Advertisers Mourn Alongside Soap Fans

As the daytime drama continues its climb up the endangered species list, frustrated soap fans aren't the only ones starting to panic. A recent report by TheWrap states that advertisers are beginning to grow concerned as well, preferring soap operas to the talk and game shows that are replacing them.

By Scotty Gore Leave A Comment
Formatted by Soap Opera Network

As the daytime drama continues its climb up the endangered species list, frustrated soap fans aren’t the only ones starting to panic. A recent report by TheWrap states that advertisers are beginning to grow concerned as well, preferring soap operas to the talk and game shows that are replacing them.

While the alternatives are cheaper and easier for the networks to produce, soap operas remain more cost-effective for companies and corporations seeking to advertise on TV. “They are even more efficient than much of daytime cable programming. I would be disappointed if all of the soap operas disappeared,” comments an unidentified ad buyer.

The broadcast networks meanwhile, assert that rising costs and changes in viewer tastes and habits are partly to blame for the dying soap opera genre. “We’re not prepared to say soaps are becoming extinct yet, but we are definitely less soap-centric,” comments a network executive.

That fact has become painfully clear to soap fans, who have seen daytime’s two longest running serials (“Guiding Light” and “As the World Turns”) cancelled within the past couple of years, not to mention the fact it came to light earlier this week that ABC reportedly plans to cut production of their sudsers, “All My Children,” “One Life to Live,” and “General Hospital,” by 20 episodes per year and replace them with repeats.

But canceling soaps can also prove to be risking for the networks. The Wayne Brady hosted revival of “Let’s Make a Deal” has thus far performed only marginally better than “Guiding Light,” which it replaced last September. At the time it left the airwaves, “GL” was averaging about 1.7 million viewers per week. Viewership for both half hours “Let’s Make a Deal,” however, has only increased by about 200,000. But while the game show may be easier on the pocketbook for CBS versus “GL,” it has yet to see a significant bump in revenue from advertising dollars.

Other groups are also bemoaning the return of game shows to the network’s daytime line-ups. “If they are replacing a soap opera, a talk show like ‘The View’ or some other type of genre would be better than a game show,” states one media buyer.

Despite the fact that the soap audience has eroded rather significantly over the years, the seven soaps currently on the air bring in an average of 14.6 million viewers per day combined for ABC, CBS, and NBC. And, while that number remains profitable enough to create reasonable rates for advertisers looking to promote their products, there is no doubt that, given current trends, the audience will continue to shrink.

The Young and the Restless,” for example, has consistently held the #1 spot in the soap ratings for decades, currently having roughly 1.1 million viewers in the women 18-49 demographic each day, according to TheWrap. That is enough to give the sudser a 3.6 ranking, which includes DVR-recorded viewers from within the first 24 hours an episode first airs on CBS. Without counting DVR viewership, that ranking would drop to a 3.2.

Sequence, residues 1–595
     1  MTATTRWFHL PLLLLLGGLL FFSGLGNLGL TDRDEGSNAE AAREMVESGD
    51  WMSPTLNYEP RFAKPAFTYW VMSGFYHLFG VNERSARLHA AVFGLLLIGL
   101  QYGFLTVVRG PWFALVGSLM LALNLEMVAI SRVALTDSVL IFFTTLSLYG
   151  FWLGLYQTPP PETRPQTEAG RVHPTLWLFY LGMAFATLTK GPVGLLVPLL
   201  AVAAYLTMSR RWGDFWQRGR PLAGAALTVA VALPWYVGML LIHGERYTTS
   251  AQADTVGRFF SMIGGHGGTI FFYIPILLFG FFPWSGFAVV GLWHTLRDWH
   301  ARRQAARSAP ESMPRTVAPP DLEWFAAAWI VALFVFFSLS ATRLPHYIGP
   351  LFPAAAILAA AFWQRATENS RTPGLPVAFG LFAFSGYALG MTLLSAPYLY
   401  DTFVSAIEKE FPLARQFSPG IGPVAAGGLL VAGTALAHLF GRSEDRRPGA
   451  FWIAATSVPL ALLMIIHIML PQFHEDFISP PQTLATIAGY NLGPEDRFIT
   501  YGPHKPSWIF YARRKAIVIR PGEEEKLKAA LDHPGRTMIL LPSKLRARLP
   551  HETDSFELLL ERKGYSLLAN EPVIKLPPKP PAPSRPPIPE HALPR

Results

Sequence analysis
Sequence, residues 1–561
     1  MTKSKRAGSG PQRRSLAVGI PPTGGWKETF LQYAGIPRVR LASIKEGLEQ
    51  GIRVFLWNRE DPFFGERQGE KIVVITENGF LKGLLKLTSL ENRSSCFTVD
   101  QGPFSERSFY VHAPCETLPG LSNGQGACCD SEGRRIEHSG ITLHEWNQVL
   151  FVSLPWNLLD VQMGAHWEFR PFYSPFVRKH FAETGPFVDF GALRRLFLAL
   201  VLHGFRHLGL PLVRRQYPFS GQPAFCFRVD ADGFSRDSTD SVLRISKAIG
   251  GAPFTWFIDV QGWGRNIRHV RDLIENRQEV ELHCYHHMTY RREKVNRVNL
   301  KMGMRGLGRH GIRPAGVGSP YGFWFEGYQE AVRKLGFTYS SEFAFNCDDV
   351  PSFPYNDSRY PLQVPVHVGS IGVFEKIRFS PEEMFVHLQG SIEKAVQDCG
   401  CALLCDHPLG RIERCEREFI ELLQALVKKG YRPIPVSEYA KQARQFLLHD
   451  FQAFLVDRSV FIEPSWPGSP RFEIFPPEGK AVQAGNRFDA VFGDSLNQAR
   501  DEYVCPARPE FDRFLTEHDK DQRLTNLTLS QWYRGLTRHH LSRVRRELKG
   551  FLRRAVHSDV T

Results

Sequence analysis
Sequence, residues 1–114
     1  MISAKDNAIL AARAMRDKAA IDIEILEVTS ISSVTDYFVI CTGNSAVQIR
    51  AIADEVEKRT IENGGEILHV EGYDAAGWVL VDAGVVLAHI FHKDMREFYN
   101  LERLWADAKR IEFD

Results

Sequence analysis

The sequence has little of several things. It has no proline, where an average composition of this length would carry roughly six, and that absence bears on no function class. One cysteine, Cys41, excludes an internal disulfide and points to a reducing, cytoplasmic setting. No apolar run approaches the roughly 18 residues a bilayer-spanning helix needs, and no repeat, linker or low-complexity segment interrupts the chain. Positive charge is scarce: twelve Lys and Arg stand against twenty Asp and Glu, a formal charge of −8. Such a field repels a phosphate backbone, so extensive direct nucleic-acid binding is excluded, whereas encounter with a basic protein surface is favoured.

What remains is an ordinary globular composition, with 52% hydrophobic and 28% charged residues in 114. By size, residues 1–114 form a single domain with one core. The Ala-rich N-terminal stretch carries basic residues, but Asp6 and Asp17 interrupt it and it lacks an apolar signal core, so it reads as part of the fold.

While that rumor is impressive by today’s standards, it pales into comparison to the number of people watching soaps even a decade ago. During the 2000-2001 season, at which time DVRs were not counted in the ratings, “Y&R” had an average household ranking of 5.8. With its current numbers, today’s top soap would have finished a dismal eighth out of the ten soaps on the air in 2000.

And the news only gets worse. Viewership for the remaining six soap operas (“As the World Turns” airs its final episode in September), has declined by a total of 2.5 million, or 15%, over the past three years, according to Nielsen Media Research. Along the same lines, TheWrap reports that, according to a source at CBS, “The Young and the Restless” and “The Bold and the Beautiful,” are described as being “safe for now,” even though “B&B” has lost some 400,000 viewers since 2008, numbers similar to that of “As the World Turns” not long before that soap was cancelled.

Even NBC, whose sole remaining soap “Days of Our Lives,” has maintained a fairly steady 2.3 million viewers during the past three years, is not immune to the problems plaguing the daytime genre. Since 2007, “DOOL” has seen the median age of its audience base rise from 50.5 years to 56.7. ABC’s “General Hospital” currently has the youngest audience at 52.3, while CBS’ “The Bold and the Beautiful” has the oldest at 59.5.

But the increase in average viewer age is not only affecting the soaps themselves. The mean age of the typical “Let’s Make a Deal” viewer is 58 — more than a year older than the average age of “GL’s” audience at the time it left the airwaves last September. Additionally, average viewer age for “The View” is 60, and for “The Price is Right,” it’s an even older 63.

Nevertheless CBS, which has yet to announce what will fill the spot of “ATWT” on their fall schedule, has already greenlighted several pilots, according The Wrap. Those include a Emeril Lagasse hosted cooking competition show, a talk show co-hosted by Rove McManus and “Hot in Cleveland” star Valerie Bertinelli, and at least two game shows. No matter what the network decides upon, it will target the coveted female demographic, even though it will likely bring in little additional revenue for advertisers.

“The loss of soap operas is just something we have to deal with. There are still a lot of alternatives in daytime and there are a lot of places to reach women. We’ve come to terms with the realities of economics. We get it and we just have to plan around it,” states an ad buyer.